Courts also have held that a district court cannot depart downward based on the sentencing disparity between base and powder cocaine. See, e.g., United States v. Fonts, 95 F.3d 372, 374 (5th Cir.1996) (per curiam); United States v. Andrade, 94 F.3d 9, 14-15 (1st Cir.1996); Canales, 91 F.3d at 369; United States v. Ambers, 85 F.3d 173, 177 (4th Cir.1996); United States v. Anderson, 82 F.3d 436, 438-42 (D.C.Cir.), cert. denied, --- U.S. ----, 117 S.Ct. 375, 136 L.Ed.2d 264 (1996); Booker, 73 F.3d at 706; United States v. Higgs, 72 F.3d 69, 70 (8th Cir.1995); United States v. Alton, 60 F.3d 1065, 1071 (3d Cir.), cert. denied, --- U.S. ----, 116 S.Ct. 576, 133 L.Ed.2d 500 (1995).
The widely disparate penalties for cocaine and cocaine base may be unfair. See Andrade, 94 F.3d at 14; United States v. Dumas, 64 F.3d 1427, 1432 (9th Cir.1995) (Boochever, J., concurring), cert. denied, --- U.S. ----, 116 S.Ct. 1341, 134 L.Ed.2d 490 (1996). Courts of appeal nevertheless have held that district courts have no legal authority to depart downward for that reason, "reject[ing] the notion that a district court may override the express intention of Congress regarding penalties for crack cocaine and powder cocaine." Fonts, 95 F.3d at 374. Consistent with our holding in Jackson that the statute is not ambiguous, we now join those circuits that have held that a district court has no discretion to depart downward based on the powder/base sentencing disparity. "[I]t is not the province of this Court to second-guess Congress's chosen penalty. That is a discretionary legislative judgment for Congress and the Sentencing Commission to make." United States v. Cherry, 50 F.3d 338, 344 (5th Cir.1995).1
II. Disparate impact on African-Americans
In his brief on appeal, Berger asserts that this court must
consider whether there exists a Government policy that unconstitutionally targets Blacks for the more severe crack prosecutions while volitionally deciding not to file against Whites in federal court for crack offenses. In order to safeguard appellant's rights, this Court should require the Government to present statistics along with its policy criteria in deciding who it prosecutes in federal court on crack cases.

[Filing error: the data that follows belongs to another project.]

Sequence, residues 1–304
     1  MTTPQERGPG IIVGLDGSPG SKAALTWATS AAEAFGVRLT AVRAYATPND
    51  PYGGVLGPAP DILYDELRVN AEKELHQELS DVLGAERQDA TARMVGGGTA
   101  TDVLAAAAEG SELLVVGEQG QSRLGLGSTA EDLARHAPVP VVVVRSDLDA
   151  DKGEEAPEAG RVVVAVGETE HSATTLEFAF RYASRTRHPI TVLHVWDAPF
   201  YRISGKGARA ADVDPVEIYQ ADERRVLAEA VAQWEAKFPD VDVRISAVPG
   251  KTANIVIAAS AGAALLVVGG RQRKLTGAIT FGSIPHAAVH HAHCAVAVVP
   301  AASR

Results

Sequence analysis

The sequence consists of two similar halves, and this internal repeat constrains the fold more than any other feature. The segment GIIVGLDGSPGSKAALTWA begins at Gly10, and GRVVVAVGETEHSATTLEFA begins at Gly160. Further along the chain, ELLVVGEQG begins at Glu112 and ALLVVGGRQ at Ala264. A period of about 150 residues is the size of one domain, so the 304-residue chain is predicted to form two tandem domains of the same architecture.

[Blue Br. p. 14] At the sentencing hearing, Berger's counsel raised the similar issue of "whether or not there is racial discrimination as far as what is now statistically shown to be a high racial disparity in the prosecution for blacks for crack cocaine and whites for the powder cocaine which usually are referred to the state courts for prosecution." [GER p. 334] Berger did not specifically ask for discovery.
Even if Berger had specifically requested discovery on the selective prosecution issue, he would have been required by the Supreme Court's decision in United States v. Armstrong, --- U.S. ----, 116 S.Ct. 1480, 134 L.Ed.2d 687 (1996) to provide credible evidence that similarly situated persons of other races could have been prosecuted but were not. Id. at ----, 116 S.Ct. at 1489. Berger has neither made the appropriate request nor produced any such threshold evidence.
III. Berger's firearm conviction
Berger's final argument is that his remaining conviction for use of a gun during and in relation to drug trafficking should be vacated, because he did not "use" the weapon under 18 U.S.C. § 924(c)(1). Bailey v. United States, --- U.S. ----, ----, 116 S.Ct. 501, 506, 133 L.Ed.2d 472 (1995), held that "a conviction for 'use' of a firearm under § 924(c)(1) requires more than a showing of mere possession ... the Government must show active employment of the firearm."
The government concedes that under Bailey there is insufficient evidence to sustain Berger's conviction on count four of the indictment, as the evidence does not support more than that Berger "merely store[d] a weapon near drugs or drug proceeds." Bailey, --- U.S. at ----, 116 S.Ct. at 508. The firearms sentence therefore must be vacated.2
We affirm the district court's sentence on the narcotics charges, and remand for vacation of the consecutive 60-month firearms sentence.
Appellant does not challenge, and we do not address, the validity of the disparity under the Equal Protection Clause. Accordingly, we express no view in our opinion regarding the study recently published in the Journal of the American Medical Association questioning some of the premises on which that disparity is based, Dorothy K. Hatsukami & Marian W. Fischman, Crack Cocaine and Cocaine Hydrochloride: Are the Differences Myth or Reality?, 276 JAMA 1531, 1580 (1996), or the impact of that study on our cases upholding the sentencing structure. See Jackson, 84 F.3d at 1161
On appeal the government initially requested that we vacate and remand to the district court for application of a two-level gun enhancement pursuant to U.S.S.G. § 2D1.1(B)(1). At oral argument, however, the government informed the court that it would not seek such an enhancement on remand, and we accepted that representation. Accordingly, we remand to the district court for the sole purpose of vacating the 60-month sentence